A distraught widow who has just buried her husband is about to destroy everything and everybody, but mainly herself. An exhausted man tries to find an escape from his daily chaos and routine in perpetual sleep. While their paths don't really cross, the film implies they both suffer from the titular syndrome—a weakness, enervation, fatigue that is equally concrete and allegorical.

Muratova’s most celebrated film, the epic The Asthenic Syndrome was winner of the Silver Bear at the 1990 Berlinale and brought her international acclaim. The film has been called a magnificent fresco and an apocalypse. Muratova created vivid images of desperate characters determined to endure, capturing and divining the state of the USSR on the eve of its collapse. A searing portrait of individual malaise and collective apathy, with polyphonic elements and absurdist tableaus, the film stuns the viewer with shock therapy, destroying every illusion. Muratova (an avowed animal lover) shot documentary footage in a dog pound for one of the film’s most harrowing scenes. The film’s only intertitles inscribe a credo, written as if a jolt of recognition to the spectator: “People don’t like to look at this.”

Constructed like Bach’s The Well-Tempered Clavier, The Asthenic Syndrome’s metier is dissonance. It’s two parts image a doubling asymmetry. The first part, in black-and-white, a film within a film, recalls the aesthetic of Muratova's first films. The second, in colour, follows the sleepwalking life of an insignificant writer and literature teacher who suffocates in the dull routine of his mindless environment. Whether they confront the brutality and grotesqueries of their surroundings through aggression or passivity, each character wanders without goal, ‘progress’ eviscerated. Muratova's grim hyperrealism is full of harsh contrasts, as irony, entropy and rage destabilise any single perspective.

Discussing the film in Positif in 1991, Muratova stated: “I could dedicate this film to Tolstoy. This is the key to my film. He says things about the naivety of the intelligentsia who believe culture and art can transform the world… I believe we can only draw attention, provoke, make people think. Try to refine the soul and raise the mental level. But the essence of what is inside cannot be changed. This film is a tragedy consecrated to that fact.” —Elena Gorfinkel

Kira Muratova

Kira Muratova (1934–2018), one of the most significant and original voices of Russian-language cinema, made 22 films over the course of six decades. Born in Romania (present-day Moldova) to a Romanian mother and Russian father, both committed Revolutionaries, she trained in film at Moscow’s VGIK, and after graduating was hired by the Odessa Film Studio. She continued to live and work in Odessa, Ukraine for her entire career. Her idiosyncratic films, frequently featuring unconventional women protagonists, transgressive theatricality, and inventive formal experiment, were severely censored and suppressed during the Soviet era, yet drew belated recognition during perestroika and after as political tides shifted. Her most internationally recognised masterpiece, a feverish vision of late Soviet life, The Asthenic Syndrome (1989) received a Grand Jury Prize at Berlinale. In the 1990s and 2000s, she received five Nika Awards—Russia's main national prize for films—among them for Best Director for Passions and The Tuner. She was the recipient of a Shevchenko National Prize, a Leopard of Honour at Locarno, and the first Andrzej Wajda Freedom Prize. Retrospectives of her films have been presented at International Film Festival Rotterdam and Film Society of Lincoln Centre, and a forthcoming retrospective will take place at Cinematheque Française.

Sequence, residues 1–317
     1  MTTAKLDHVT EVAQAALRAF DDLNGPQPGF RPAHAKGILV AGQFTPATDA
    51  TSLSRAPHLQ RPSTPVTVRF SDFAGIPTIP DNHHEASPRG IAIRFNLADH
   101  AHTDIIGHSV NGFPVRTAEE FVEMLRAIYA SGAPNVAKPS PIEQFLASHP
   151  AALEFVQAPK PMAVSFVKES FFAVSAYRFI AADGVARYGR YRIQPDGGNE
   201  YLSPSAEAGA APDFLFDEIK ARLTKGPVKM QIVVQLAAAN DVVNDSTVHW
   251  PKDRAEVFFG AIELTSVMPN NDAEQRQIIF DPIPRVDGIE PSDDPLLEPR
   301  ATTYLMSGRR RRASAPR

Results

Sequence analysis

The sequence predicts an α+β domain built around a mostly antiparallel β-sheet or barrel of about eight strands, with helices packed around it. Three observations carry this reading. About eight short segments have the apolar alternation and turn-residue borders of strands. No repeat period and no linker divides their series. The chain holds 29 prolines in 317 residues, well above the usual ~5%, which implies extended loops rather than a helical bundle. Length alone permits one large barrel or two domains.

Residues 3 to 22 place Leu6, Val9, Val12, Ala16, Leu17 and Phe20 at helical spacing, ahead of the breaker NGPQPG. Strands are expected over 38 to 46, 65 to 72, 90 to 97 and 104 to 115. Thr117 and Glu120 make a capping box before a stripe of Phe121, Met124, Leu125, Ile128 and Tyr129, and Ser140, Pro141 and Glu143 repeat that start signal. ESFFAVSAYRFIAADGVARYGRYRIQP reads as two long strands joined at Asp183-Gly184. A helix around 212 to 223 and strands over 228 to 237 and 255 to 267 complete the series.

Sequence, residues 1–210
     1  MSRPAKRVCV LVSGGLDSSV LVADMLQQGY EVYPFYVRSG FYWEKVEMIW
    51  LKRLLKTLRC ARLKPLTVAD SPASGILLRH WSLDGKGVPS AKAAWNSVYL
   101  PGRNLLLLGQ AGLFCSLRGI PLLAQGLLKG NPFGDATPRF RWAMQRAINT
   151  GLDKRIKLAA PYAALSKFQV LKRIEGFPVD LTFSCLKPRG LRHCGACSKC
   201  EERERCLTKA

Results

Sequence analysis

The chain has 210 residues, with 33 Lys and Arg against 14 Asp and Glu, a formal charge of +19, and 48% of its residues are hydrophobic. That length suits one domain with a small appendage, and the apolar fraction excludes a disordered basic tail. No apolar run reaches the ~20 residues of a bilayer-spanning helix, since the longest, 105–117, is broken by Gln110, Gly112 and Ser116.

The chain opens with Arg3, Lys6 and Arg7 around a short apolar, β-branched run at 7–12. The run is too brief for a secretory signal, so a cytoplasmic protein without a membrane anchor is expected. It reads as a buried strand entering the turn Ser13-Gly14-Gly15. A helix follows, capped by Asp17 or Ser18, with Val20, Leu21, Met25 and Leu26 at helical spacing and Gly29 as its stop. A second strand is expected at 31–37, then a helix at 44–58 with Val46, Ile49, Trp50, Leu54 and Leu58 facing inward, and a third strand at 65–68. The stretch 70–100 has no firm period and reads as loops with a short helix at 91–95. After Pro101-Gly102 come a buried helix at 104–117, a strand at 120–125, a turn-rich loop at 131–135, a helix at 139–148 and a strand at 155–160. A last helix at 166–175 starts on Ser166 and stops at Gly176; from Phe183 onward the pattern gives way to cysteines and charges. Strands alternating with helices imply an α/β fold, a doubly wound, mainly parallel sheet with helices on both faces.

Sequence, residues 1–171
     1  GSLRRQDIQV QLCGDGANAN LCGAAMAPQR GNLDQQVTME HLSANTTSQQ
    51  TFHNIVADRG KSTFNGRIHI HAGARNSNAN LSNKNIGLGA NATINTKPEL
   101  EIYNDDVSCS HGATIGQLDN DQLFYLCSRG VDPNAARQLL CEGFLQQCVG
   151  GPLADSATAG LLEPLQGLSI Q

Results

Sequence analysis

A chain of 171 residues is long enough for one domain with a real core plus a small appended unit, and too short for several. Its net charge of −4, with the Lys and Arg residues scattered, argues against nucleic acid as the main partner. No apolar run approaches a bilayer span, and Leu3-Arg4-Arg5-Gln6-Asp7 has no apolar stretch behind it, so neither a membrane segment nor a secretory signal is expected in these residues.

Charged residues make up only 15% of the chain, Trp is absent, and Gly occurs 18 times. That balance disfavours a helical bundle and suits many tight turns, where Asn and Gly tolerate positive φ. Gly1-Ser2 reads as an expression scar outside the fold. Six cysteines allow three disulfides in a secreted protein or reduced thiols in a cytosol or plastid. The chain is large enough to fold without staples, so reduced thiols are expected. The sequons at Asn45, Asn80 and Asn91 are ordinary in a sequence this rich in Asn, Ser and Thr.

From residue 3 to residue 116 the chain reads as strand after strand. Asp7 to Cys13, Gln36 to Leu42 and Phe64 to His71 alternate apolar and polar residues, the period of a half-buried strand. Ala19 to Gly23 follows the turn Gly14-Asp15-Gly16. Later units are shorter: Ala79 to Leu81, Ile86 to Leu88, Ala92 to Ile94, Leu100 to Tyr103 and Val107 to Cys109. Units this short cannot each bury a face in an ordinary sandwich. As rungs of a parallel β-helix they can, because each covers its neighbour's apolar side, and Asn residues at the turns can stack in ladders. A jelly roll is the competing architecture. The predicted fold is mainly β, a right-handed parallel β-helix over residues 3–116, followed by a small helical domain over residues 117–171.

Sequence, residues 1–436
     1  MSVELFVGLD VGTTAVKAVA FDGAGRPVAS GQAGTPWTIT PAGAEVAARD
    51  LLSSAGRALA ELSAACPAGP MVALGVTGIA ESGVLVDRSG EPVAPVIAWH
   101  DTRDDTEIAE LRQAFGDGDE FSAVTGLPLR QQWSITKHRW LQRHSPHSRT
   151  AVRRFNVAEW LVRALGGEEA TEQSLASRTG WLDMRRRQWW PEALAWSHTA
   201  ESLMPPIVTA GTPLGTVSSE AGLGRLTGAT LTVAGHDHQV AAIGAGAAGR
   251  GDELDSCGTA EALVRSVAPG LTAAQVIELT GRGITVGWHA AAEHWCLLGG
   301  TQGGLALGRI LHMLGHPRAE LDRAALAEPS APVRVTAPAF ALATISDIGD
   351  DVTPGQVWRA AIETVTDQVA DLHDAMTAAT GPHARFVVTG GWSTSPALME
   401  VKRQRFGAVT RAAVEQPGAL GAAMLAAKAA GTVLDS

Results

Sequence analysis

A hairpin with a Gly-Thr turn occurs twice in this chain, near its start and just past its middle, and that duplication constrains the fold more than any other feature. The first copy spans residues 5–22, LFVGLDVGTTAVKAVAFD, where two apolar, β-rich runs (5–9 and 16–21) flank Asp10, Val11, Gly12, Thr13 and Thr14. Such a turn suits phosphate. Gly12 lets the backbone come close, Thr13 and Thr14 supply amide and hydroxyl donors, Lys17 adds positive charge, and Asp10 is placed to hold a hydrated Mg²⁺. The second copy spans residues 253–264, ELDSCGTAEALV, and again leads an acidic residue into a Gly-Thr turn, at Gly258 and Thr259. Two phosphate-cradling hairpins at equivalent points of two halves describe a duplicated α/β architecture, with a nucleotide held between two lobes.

Eternal Homecoming (2012), Melody for a Street Organ (2009), Dummy (2007), Two in One (2007), The Certificate (2005), The Tuner (2004), Chekhovian Motifs (2002), Second Class Citizens (2001), Letter to America (1999), Three Stories (1997), Passions (1994), The Sentimental Policeman (1992), The Asthenic Syndrome (1989), Change of Fate (1987), Among Grey Stones (1983), Getting to Know the Big, Wide World (1978), Russia (1972), The Long Farewell (1971), Brief Encounters (1967), Our Honest Bread (with Aleksandr Muratov, 1964), By the Steep Ravine (with Aleksandr Muratov, 1962), Spring Rain (with Aleksandr Muratov, 1957)